Some CRYPKYP functionalities are depricated as of October 2022 and will no longer be populated until further development and future version.
Although all here is visible and interactable you can not Contribute to those articles.
Try looking at other information on the Platform and Contributing there!
Have a great day,
The crypto lender will be permitted to restore a part of client monies frozen at the Metropolitan Commercial Bank. Contrary to AlamedaFTX's continuing public pronouncements, troubled crypto lender Voyager Digital Holdings says it has received several "higher and better" acquisition proposals than the one made in July.
In addition, the court presiding over the company's bankruptcy proceedings in New York has authorized the release of $270 million in client cash held at Metropolitan Commercial Bank (MCB).
Voyager indicated in a Second Day Hearing Presentation on Thursday that it has heard from as many as 88 parties interested in rescuing the firm from its financial troubles and that it is engaged in "active negotiations" with over 20 potentially interested parties.
In July, Alameda and FTX submitted one of the most prominent offers. Alameda had planned to acquire all of Voyager’s assets and existing liabilities, except the defaulted loan to Three Arrows Capital, liquidate the assets, and distribute the proceeds in USD via the FTX US exchange.
Voyager rejected this on July 25 because it did not “maximize value” for its consumers. Contrary to AlamedaFTX’s alleged “inaccurate” public remarks, the firm highlighted that it has already received bids through the marketing process that are “higher and better than their plan.”
Voyager added that it has also addressed a second stop and desist letter to AlamedaFTX addressing its “inaccurate” public remarks, clarifying that AlamedaFTX does not have an “edge” over other bidders.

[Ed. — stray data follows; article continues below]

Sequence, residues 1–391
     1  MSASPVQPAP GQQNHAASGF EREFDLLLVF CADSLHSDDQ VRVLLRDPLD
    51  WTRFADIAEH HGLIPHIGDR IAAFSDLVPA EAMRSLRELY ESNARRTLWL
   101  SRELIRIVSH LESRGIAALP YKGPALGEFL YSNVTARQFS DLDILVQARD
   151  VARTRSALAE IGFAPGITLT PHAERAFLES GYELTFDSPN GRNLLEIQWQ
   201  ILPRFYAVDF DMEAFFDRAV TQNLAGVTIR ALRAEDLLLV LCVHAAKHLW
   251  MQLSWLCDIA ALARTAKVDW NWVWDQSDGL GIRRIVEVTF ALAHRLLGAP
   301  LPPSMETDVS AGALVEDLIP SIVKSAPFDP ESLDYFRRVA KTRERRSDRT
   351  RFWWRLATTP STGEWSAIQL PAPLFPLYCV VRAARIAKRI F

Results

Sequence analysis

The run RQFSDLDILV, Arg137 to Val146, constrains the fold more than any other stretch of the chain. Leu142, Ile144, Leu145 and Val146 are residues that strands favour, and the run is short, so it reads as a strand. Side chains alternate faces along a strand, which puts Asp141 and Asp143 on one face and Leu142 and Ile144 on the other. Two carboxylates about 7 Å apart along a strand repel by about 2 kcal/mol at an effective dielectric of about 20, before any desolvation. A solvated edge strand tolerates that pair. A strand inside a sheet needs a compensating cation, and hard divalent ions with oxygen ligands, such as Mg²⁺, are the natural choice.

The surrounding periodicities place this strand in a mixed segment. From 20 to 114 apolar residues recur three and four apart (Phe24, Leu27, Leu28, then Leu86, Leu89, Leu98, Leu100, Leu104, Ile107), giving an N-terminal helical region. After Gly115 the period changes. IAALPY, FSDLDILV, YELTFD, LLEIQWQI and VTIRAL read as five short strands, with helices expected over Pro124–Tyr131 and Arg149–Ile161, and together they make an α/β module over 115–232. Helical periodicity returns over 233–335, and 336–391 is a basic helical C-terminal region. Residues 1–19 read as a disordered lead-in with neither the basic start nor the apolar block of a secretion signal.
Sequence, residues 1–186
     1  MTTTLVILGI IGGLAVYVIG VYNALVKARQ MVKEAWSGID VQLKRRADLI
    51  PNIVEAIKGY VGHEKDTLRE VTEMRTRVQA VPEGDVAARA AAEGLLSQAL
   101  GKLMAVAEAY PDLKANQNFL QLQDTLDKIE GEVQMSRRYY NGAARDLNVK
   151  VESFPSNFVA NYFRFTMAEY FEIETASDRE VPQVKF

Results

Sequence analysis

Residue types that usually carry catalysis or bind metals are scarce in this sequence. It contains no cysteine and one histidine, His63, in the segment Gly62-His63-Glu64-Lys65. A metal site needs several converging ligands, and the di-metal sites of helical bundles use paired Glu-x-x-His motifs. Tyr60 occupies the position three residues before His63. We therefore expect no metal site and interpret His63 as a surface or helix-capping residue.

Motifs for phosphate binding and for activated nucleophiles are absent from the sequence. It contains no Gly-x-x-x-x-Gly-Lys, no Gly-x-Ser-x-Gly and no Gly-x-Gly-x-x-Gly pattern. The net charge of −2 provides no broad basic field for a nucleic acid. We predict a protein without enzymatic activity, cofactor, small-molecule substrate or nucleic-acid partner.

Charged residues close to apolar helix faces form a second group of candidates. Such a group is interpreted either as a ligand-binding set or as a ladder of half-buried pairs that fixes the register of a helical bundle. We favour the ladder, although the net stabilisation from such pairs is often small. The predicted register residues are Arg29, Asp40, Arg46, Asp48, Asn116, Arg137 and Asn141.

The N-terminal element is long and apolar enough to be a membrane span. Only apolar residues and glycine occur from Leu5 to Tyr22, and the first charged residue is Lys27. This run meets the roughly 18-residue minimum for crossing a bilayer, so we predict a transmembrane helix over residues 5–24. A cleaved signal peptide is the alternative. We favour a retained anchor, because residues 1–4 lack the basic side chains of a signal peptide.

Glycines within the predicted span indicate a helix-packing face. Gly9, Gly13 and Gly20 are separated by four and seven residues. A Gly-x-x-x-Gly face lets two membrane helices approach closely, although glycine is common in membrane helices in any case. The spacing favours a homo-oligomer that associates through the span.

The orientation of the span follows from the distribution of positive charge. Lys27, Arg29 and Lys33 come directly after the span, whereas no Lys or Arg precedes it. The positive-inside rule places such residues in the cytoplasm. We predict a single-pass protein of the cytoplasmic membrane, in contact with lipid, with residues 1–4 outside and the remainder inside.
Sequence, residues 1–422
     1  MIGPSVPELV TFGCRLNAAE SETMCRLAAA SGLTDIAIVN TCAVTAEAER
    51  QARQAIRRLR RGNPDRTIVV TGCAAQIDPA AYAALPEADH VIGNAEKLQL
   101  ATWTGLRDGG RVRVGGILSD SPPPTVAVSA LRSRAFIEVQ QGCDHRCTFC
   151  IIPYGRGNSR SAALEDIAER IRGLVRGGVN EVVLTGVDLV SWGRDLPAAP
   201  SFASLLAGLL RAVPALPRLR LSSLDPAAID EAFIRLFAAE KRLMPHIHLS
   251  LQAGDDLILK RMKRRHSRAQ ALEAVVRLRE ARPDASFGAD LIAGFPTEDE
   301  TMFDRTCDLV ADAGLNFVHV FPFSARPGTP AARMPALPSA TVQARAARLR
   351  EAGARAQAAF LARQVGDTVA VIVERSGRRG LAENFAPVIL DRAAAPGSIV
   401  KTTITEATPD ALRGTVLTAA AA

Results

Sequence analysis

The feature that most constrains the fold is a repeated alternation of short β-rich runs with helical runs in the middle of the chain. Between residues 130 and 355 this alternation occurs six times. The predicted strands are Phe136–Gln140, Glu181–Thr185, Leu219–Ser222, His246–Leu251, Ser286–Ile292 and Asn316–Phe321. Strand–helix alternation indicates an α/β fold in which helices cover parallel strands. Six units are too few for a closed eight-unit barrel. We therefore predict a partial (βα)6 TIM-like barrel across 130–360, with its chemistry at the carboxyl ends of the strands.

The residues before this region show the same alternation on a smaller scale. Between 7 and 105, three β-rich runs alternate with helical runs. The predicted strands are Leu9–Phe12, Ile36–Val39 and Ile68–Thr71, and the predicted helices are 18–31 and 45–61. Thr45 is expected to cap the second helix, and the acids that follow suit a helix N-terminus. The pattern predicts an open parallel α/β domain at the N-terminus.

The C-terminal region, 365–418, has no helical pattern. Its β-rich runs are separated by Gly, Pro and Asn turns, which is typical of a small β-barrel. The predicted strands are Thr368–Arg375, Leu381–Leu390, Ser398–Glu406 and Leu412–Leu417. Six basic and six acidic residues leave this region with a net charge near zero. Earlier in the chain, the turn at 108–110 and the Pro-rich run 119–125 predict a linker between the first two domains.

Judge Michael Wiles of the U.S. Bankruptcy Court has granted Voyager the green light to restore a part of its customers’ cash deposits. In contrast, Voyager has received word of additional prospective bidders.
On Thursday, the Wall Street Journal reported that Wiles indicated that Voyager had supplied “adequate support” for its assertion that clients should be permitted access to the $270 million cash-filled custodial account kept at the Metropolitan Commercial Bank.
When the company filed for bankruptcy on July 5, Voyager had monies stored in the bank account. When bankruptcy procedures commenced, this money was frozen.
Stephen Ehrlich, the chief executive officer of Voyager Digital, stated in July that he planned to refund client monies from MCB once a “reconciliation and fraud prevention procedure” was finished, and the company allegedly requested the funds in MCB be released on July 15.
Voyager’s debt is less than $10 billion from about 100,000 debtors. Still, it is not the first cryptocurrency brokerage, lender, or investment organization that has fallen on hard times for itself and its consumers. Celsius, Three Arrows Capital, and BlockFi have been swept up in the continuing drama.